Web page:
Email letters, February 20, 2013


Colorado senators urged to support Pentagon cuts

In the budget debate in Washington, advocates for rolling back the $1 trillion in cuts to the Pentagon budget have been some of the loudest voices. As a retired schoolteacher, I think that it is important for our senators, Bennet and Udall, to take a hard look at these arguments.

Even after these cuts and the conclusion of two wars, Pentagon spending would still be higher than it was during most of Vietnam and the Cold War. 

Meanwhile, I see that our communities need more investment in public education, roads, the environment, green energy and infrastructure—investments that will be harder to make if the Pentagon doesn’t pay its fair share of deficit reduction efforts.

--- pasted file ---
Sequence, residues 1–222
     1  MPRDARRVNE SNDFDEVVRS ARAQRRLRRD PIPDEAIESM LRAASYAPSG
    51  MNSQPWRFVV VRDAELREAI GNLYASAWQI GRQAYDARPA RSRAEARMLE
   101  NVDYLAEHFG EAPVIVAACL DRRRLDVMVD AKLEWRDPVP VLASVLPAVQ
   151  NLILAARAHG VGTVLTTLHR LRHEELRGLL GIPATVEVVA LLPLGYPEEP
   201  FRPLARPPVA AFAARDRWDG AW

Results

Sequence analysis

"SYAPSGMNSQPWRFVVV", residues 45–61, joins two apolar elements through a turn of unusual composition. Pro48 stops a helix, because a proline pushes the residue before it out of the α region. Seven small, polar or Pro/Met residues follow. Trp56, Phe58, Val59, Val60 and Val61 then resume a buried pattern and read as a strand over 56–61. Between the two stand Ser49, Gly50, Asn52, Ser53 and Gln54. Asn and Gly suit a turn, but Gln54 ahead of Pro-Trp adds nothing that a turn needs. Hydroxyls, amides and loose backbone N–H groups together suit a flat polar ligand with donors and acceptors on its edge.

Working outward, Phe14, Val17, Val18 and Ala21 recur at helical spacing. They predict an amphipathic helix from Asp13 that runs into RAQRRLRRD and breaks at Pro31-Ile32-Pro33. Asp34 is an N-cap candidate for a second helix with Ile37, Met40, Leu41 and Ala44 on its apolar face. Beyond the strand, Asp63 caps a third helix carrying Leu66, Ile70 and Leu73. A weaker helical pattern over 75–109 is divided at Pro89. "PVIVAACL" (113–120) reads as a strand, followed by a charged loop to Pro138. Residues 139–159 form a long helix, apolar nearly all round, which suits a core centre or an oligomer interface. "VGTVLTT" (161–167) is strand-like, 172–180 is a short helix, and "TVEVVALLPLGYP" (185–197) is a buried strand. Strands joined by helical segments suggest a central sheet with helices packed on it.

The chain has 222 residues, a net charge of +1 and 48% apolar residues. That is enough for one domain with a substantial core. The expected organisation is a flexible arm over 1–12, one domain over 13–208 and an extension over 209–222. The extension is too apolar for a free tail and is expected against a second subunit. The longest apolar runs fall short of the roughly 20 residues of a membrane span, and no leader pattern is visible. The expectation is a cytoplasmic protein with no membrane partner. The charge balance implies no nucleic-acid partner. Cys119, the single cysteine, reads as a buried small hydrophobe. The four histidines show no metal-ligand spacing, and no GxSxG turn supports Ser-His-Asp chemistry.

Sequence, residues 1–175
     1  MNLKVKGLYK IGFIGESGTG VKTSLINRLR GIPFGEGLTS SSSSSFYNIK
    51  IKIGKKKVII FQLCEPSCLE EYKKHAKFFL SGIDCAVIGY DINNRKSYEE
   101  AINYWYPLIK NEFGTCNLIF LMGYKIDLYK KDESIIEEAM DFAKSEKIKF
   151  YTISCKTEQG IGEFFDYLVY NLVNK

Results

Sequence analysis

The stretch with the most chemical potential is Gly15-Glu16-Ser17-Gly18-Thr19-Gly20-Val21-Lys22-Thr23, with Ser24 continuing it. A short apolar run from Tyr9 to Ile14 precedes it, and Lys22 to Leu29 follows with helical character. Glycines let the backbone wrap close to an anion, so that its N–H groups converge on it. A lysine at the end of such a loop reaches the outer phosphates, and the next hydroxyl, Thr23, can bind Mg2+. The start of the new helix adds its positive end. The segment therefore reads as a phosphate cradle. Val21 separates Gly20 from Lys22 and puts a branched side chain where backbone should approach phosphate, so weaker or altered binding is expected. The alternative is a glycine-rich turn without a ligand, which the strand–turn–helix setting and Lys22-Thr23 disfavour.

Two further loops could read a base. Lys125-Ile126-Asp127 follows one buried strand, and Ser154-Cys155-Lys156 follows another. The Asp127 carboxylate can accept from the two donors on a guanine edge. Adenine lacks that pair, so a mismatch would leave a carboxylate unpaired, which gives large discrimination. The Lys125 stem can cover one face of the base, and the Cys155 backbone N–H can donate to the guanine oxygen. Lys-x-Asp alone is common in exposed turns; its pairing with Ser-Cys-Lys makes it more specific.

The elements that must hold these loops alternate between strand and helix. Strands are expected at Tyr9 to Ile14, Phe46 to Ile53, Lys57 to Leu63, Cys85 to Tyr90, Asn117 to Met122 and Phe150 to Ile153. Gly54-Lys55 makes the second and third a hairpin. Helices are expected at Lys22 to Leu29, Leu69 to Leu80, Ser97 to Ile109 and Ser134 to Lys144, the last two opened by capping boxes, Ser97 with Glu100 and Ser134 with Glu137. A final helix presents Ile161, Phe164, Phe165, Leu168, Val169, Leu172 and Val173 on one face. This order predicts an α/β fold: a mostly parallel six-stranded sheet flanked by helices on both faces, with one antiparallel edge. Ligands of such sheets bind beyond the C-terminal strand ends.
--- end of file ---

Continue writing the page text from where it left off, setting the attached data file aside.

I hope our senators will examine the facts and keep planned Pentagon budget cuts.

WAYNE FLICK
Cimarron

Soker deserves credit for many community contributions

Dave Soker loved rivers.

In working for the Upper Colorado River Endangered Fish Recovery Program, with the U.S. Fish and Wildlife Service and the U.S. Bureau of Reclamation, he helped create fish habitat from abandoned gravel pits and riverbanks by constructing new wetlands and ponds to replace those that had been lost over the years.

Conservation easements were obtained; wetlands were re-established. Openings to the river allowed spring flooding to reach low-lying areas where fish could spawn and grow.

In serving on the Riverfront Commission, he was a strong advocate for more wildlife areas and interpretive signage, recognizing that the riverfront project is more than just a trail. It is a series of parks, wildlife sanctuaries, wetlands, ponds and natural floodplains.

As a resident of Palisade, he promoted the installation of interpretive signs in Riverbend Park, describing the history of this area that had included a civilian conservation corps camp during the depression of the 1930’s, a prisoner-of-war camp in World War II and an ill-conceived subdivision.